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Proposed health insurance rates settle down in N.H.

  • The Healthcare.gov website, assisting consumers in obtaining health insurance, on Oct. 25, 2016. (Richard B. Levine/Levine Roberts/Newscom/Zuma Press/TNS) Richard B. Levine/Levine Roberts



Monitor staff
Tuesday, August 07, 2018

Following last year’s large leap, health insurance rates seem likely to decline a bit in New Hampshire next year, at least partly a reflection in changes being made to the Medicaid expansion program.

Information on proposed rates through the health insurance exchange, HealthCare.gov, indicate that a middle-of-the-road plan under the Affordable Care Act would average 6.75 percent less next year than the current rate, declining to $470 a month from the current $504. Actual rates for all plans won’t be available until Nov. 1, the first day of open enrollment on the exchange.

The same three companies that currently offer plans are proposing to offer them again next year: Ambetter, Anthem and Harvard Pilgrim. They have until Sept. 25 to commit to selling plans on HealthCare.gov in 2019.

Jennifer Patterson, health policy legal counsel for the New Hampshire Insurance Department, said that a number of factors have played into last year’s leap in rates and this year’s stability.

“I think there’s a bit less uncertainty now,” she said.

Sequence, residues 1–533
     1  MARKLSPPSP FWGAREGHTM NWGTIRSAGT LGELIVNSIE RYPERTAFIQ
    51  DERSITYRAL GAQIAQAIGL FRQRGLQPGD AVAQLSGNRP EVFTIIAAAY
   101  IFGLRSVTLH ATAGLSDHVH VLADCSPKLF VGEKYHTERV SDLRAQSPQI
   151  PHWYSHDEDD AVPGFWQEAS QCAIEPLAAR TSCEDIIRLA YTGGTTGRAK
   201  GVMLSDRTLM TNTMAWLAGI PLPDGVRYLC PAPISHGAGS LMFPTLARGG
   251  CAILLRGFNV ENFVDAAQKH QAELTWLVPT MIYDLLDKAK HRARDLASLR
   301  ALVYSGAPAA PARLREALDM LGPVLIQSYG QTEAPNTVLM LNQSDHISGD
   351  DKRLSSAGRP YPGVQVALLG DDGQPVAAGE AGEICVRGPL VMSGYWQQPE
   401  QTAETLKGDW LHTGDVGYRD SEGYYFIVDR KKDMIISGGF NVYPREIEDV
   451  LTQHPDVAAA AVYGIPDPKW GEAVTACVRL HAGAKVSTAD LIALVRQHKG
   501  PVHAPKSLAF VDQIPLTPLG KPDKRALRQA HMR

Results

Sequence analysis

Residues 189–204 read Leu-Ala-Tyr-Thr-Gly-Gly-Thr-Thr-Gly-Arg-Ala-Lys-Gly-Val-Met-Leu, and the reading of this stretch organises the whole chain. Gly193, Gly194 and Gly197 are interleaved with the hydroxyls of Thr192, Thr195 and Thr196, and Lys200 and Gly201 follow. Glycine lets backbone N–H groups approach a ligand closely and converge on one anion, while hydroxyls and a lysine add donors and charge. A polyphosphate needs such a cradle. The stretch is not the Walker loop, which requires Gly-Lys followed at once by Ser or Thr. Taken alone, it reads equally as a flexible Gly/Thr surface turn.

One likely factor is the expansion of the Medicaid program. New Hampshire is unusual among states in that it provided coverage for this low-income population within the health insurance market, driving up costs for insurers and thus the premiums they charged. The state Legislature changed that this year, and in 2019 the expanded Medicaid population will be moved under the Medicaid program.

The proposed rates do not always reflect actual costs that will be paid since they do not include subsidies, which have been used by roughly 72,000 people through the individual market.

The rate filings made by Ambetter and Anthem were heavily redacted, but Harvard Pilgrim’s filing indicates that rates could have declined further if not for the removal of the individual mandate requirement, which penalizes people who don’t get insurance. That mandate was removed by the Trump administration as of Jan. 1, which means more healthy people are likely to skip insurance, making it more expensive for people who do get the insurance, the company said: “(We) estimated the change in risk score as members exit the market due to the weakened individual mandate.”

It’s too early to compare health insurance rates among states, until what is known as the second-level silver plan benchmark for each state is released, around the Nov. 1 date opening to the market.

Between them, the three New Hampshire providers propose offering 17 plans for individuals in 2019, two more than this year; and 12 for small groups, six more than this year.

All 26 of the state’s acute care hospitals are included in at least one of the insurance company’s networks, and most are in all three. Ambetter and Anthem have statewide networks in the individual market, while Harvard Pilgrim’s network excludes Carroll County.

Other moves that the Insurance Department says have helped stabilize New Hampshire’s individual market include providing flexibility in filing deadlines, more aggressive pursuit of any waiver opportunities, advocacy of funding the Cost Savings Reduction payments, and a commitment to do to providing certainty at the state level.

(David Brooks can be reached at 369-3313 or dbrooks@cmonitor.com or on Twitter @GraniteGeek.)